His name is Robinson Cano.
On Saturday afternoon at Yankee Stadium, when A-Rod returned to action after missing six games with a sprained left thumb, Cano delivered -- again.
Cano, the cleanup hitter even though Rodriguez was back in the lineup, rapped a two-out, two-run double in the seventh inning to give the Yankees the lead for good en route to a 6-4 come-from-behind victory over the Toronto Blue Jays.
Cano also knocked in the game-winner Friday night.
It's impossible not to love watching Cano play baseball. He does it all. He hits, and hits for power. He drives in runs. In the field, few are as smooth. Cano turns the double play with such ease and has a crazy-hot arm. You'd almost think he was the best player on the team, not A-Rod.
Most teams would have been in trouble when their star slugger went down. Rodriguez missed almost six weeks after having surgery on his right knee. A-Rod was working on 14 straight seasons with at least 30 home runs and 100 RBIs when he was sidelined.
The first-place Yankees, though, didn't stumble. Cano, for sure, picked up the slack, especially when he was inserted into the cleanup spot in the batting order.
"It's amazing how many people just don't talk about him," center fielder Curtis Granderson said about Cano. "I don't know why.
"Not only did he make an All-Star team again this year, won the Home Run Derby, no one has mentioned that after the fact. He's the one guy that has been consistently around the .300 average mark for us. He just hit the 100-RBI mark again. And last, but not least, everybody's forgetting about how good his defense is. He's done a little bit of everything just about every day."
Although it wasn't an intentional walk to Rodriguez to set up Cano's big at-bat in the seventh, Cano felt slighted. Despite falling behind 0-2 in the count, Cano made reliever Casey Janssen pay. "I said, 'Wow," Cano said. "Every time I see they walk a guy in front of me, that pumps me up and I say, 'Come on.'
"That's a situation where you've got to show them they've got to pitch to the guy in front of you."
Cano -- who had a ringing double to right-center -- has been clutch batting in the four-hole this season. He's batting .311 (41-for-132) with four homers and 28 RBIs. "I don't think it matters where Robbie Cano hits, he's going to hit," Yankees manager Joe Girardi said. "He's not going to mind the stage. This kid loves to play the game, loves the pressure moments. That's one of the reasons he's so successful."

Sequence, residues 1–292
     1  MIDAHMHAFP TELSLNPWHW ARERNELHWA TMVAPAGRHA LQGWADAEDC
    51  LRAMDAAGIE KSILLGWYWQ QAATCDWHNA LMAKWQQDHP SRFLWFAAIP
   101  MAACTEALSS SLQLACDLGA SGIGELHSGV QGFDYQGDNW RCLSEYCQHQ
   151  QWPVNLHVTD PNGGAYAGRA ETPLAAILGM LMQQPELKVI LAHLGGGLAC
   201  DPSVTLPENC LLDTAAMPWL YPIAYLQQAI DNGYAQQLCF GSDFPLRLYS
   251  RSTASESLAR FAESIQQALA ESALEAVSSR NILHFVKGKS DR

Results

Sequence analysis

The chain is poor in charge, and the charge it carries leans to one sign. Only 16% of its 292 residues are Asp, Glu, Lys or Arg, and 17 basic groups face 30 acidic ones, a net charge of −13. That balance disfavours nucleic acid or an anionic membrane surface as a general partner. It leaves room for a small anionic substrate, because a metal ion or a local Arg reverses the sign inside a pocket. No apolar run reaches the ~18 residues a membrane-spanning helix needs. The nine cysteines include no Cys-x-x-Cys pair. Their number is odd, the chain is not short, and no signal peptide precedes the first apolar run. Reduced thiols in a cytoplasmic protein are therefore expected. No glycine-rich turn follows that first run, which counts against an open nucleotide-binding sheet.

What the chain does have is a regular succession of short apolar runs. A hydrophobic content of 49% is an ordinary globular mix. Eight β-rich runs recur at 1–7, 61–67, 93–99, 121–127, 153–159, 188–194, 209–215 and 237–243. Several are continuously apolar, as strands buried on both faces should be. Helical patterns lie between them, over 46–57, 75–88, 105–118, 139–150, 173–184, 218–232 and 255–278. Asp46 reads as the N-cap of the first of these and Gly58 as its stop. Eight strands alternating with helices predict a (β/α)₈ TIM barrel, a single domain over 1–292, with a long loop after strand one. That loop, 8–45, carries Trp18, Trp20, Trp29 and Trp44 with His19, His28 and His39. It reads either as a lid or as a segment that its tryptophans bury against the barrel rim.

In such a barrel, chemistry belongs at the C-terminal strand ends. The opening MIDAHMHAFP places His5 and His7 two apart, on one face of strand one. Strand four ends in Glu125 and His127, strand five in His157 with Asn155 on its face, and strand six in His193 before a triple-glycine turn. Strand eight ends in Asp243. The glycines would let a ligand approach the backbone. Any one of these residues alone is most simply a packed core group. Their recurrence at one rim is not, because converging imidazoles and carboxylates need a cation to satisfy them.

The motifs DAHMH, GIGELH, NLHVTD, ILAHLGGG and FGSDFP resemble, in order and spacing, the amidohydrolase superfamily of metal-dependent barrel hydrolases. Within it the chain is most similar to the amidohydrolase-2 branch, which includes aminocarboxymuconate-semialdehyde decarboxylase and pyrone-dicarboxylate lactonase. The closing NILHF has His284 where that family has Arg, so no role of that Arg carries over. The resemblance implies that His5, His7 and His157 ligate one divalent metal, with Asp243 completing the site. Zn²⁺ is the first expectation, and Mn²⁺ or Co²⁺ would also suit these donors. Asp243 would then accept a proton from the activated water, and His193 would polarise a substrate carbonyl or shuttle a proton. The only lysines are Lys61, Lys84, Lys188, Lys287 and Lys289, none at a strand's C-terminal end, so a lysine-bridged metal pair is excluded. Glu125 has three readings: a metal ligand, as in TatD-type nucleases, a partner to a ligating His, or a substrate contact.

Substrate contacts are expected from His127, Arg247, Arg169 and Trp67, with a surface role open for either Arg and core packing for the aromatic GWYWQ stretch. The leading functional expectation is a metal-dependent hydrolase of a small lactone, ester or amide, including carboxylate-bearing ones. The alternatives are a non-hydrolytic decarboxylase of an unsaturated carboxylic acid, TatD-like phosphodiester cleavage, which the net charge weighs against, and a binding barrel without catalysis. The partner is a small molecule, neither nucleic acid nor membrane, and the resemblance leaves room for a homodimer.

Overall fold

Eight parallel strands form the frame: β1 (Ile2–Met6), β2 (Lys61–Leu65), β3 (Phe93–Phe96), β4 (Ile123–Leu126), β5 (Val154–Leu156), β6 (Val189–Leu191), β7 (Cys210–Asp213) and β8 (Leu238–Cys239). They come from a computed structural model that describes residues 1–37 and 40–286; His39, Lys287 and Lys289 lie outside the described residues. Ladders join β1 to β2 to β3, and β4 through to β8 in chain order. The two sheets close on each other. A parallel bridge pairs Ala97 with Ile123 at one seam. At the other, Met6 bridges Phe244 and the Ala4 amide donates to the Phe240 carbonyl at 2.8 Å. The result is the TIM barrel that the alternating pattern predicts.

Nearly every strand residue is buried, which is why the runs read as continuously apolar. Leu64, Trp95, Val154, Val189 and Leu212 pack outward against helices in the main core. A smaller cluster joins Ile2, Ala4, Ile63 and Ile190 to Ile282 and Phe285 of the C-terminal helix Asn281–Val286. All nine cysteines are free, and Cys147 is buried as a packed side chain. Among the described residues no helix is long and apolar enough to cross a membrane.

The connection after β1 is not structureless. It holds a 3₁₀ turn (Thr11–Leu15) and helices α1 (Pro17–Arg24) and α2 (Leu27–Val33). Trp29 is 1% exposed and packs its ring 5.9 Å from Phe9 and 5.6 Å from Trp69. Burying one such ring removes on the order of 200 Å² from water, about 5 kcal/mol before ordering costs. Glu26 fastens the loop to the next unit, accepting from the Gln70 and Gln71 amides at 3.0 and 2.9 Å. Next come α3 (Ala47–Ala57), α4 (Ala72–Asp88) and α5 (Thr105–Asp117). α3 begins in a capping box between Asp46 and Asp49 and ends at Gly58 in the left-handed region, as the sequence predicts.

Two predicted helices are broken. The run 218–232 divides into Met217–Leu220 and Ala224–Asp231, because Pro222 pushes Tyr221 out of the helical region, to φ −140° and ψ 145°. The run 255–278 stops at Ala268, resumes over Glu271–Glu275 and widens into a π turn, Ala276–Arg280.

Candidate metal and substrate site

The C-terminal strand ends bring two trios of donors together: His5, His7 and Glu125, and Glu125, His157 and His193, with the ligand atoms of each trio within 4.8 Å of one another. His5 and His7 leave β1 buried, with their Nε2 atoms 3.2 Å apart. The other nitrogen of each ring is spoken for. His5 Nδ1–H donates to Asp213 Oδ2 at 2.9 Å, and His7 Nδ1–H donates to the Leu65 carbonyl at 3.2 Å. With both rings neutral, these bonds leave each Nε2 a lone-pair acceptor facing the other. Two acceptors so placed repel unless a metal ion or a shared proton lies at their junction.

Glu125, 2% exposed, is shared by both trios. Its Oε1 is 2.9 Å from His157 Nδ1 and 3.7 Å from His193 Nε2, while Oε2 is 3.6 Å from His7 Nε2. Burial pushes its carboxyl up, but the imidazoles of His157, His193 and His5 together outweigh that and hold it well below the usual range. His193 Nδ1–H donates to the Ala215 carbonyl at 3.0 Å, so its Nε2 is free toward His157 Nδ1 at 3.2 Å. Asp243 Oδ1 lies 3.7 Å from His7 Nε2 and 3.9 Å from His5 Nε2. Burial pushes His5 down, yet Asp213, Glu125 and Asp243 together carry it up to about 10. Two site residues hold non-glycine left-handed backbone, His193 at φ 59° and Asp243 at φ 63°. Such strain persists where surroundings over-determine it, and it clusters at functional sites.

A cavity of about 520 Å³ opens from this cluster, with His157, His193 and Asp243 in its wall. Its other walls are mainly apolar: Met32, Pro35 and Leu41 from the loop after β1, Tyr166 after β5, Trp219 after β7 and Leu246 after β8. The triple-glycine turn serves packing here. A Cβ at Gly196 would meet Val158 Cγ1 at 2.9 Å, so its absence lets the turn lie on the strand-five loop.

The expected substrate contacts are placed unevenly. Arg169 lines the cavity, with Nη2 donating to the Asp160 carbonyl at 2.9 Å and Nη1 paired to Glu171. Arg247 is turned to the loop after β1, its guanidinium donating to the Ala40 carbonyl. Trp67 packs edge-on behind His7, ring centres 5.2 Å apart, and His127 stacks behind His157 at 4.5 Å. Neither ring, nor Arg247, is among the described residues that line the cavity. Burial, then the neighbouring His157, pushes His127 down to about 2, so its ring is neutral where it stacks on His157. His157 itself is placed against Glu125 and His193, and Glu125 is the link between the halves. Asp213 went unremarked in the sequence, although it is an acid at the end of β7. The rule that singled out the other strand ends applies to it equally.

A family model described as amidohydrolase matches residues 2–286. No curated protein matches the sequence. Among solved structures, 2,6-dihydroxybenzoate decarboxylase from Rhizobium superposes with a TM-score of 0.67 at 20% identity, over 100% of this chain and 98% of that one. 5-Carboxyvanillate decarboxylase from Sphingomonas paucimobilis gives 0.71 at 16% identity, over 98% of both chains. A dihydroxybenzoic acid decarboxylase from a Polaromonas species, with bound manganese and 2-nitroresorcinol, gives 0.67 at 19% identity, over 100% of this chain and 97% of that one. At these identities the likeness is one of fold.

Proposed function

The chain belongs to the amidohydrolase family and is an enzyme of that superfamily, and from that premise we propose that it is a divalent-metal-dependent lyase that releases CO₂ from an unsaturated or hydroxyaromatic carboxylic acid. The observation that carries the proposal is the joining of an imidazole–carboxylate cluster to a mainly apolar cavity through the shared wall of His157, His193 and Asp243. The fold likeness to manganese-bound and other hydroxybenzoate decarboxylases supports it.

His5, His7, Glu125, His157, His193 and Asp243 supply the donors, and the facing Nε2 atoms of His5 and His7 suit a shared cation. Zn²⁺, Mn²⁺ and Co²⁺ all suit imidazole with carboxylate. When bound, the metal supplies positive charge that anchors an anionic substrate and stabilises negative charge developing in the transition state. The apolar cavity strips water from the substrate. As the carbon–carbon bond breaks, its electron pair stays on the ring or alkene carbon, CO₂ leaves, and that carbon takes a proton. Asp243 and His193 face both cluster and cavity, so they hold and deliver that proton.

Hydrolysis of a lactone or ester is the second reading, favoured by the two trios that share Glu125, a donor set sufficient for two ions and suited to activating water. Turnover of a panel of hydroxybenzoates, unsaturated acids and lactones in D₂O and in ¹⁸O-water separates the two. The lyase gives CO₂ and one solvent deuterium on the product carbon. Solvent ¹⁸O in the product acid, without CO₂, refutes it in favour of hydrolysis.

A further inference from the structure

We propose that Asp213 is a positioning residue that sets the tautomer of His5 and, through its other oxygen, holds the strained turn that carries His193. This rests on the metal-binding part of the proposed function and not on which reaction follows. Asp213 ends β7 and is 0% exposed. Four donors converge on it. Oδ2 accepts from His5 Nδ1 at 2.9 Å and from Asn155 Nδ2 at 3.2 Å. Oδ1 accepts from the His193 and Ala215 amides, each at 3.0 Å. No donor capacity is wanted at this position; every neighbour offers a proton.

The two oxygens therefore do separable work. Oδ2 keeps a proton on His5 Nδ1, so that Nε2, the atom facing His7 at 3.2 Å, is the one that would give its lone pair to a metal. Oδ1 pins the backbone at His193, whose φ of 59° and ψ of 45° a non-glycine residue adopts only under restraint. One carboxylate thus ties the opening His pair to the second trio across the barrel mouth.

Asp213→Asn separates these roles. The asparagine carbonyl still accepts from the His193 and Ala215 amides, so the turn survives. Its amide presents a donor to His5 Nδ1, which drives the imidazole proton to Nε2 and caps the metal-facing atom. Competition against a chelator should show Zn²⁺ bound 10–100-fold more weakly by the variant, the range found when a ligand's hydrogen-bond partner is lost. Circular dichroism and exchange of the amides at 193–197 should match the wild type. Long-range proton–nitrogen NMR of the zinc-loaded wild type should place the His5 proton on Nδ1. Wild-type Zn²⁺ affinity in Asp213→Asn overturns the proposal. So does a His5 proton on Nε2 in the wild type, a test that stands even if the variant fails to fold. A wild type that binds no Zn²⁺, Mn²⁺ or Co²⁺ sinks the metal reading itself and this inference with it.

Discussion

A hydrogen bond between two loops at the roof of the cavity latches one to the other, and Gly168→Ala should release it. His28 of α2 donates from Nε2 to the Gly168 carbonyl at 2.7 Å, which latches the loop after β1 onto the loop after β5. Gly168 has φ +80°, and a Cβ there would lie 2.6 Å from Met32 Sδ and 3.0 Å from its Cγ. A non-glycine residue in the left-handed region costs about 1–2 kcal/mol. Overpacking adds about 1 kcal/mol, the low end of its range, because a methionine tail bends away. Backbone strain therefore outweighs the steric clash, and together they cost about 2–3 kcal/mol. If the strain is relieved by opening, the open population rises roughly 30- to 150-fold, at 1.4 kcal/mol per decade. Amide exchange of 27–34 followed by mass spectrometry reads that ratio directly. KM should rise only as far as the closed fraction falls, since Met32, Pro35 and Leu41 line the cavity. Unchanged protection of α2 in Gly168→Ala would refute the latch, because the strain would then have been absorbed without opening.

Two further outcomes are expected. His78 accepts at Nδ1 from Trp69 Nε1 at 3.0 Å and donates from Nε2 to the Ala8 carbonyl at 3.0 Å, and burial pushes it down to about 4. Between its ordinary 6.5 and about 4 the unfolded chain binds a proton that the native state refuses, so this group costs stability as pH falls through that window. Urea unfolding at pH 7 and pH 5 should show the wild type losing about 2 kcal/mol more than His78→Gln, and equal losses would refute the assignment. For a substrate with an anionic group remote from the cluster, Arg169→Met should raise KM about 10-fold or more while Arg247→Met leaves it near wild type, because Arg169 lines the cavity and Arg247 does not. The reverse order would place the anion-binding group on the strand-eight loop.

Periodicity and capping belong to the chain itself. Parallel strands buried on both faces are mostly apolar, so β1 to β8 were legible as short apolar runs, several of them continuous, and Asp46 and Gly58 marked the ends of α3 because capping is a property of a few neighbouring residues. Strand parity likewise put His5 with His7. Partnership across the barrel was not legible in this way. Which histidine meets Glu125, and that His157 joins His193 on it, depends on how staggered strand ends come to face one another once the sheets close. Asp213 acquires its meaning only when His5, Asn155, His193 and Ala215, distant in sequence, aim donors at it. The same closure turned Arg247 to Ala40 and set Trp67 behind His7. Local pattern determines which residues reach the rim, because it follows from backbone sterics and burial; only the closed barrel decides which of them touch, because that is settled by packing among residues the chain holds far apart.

This isn't the first time Cano -- who is batting .307 with 23 HRs and 101 RBIs -- has been asked to step up and do more. Last season, Cano was moved up to the fifth spot in the lineup, replacing the productive Hideki Matsui. More importantly, Cano had to protect slugger A-Rod in the batting order. Cano delivered with flying colors. In fact, Cano put together the best season of his career -- .319 with 29 HRs and 109 RBIs.
"We saw him really step up last year," Girardi said. "That was kind of his breakout year. Thought he had as good of a chance as anyone to win the MVP because of what he does offensively and defensively.
"The expectations are that he's going to do that every year."
His play has been historic already. With 200 hits in 2010 and 204 hits in 2009, Cano is the first Yankees second baseman to record back-to-back 200-hit seasons. His 444 extra-base hits since 2005 are more than any other second baseman in baseball history through his first seven major league seasons.
Cano is a strong finisher, too. His .337 career batting average in regular-season games (minimum 300 plate appearances) in September and October is fifth-best in baseball since 1950.
That's the reason Girardi said sports writers shouldn't count out Cano when it comes to the American League MVP this season. All the talk has been about Granderson and Boston's Adrian Gonzalez. Both are having outstanding campaigns.
"I wouldn't write him off in that MVP race yet, that's what I wouldn't do," said Girardi of Cano. "Because we know what he's capable of doing and carrying a club and putting up a big month and God knows where his numbers might end up, you know, at the end of the year.
"Robbie Cano is a staple in our lineup. It's a pleasure to pencil his name in there every day. It's real easy. The hard part is when to pick to give him a day off. That's the hardest part of my job."
You would have thought the hardest part for Cano would have been filling A-Rod's shoes. Nope. Not at all.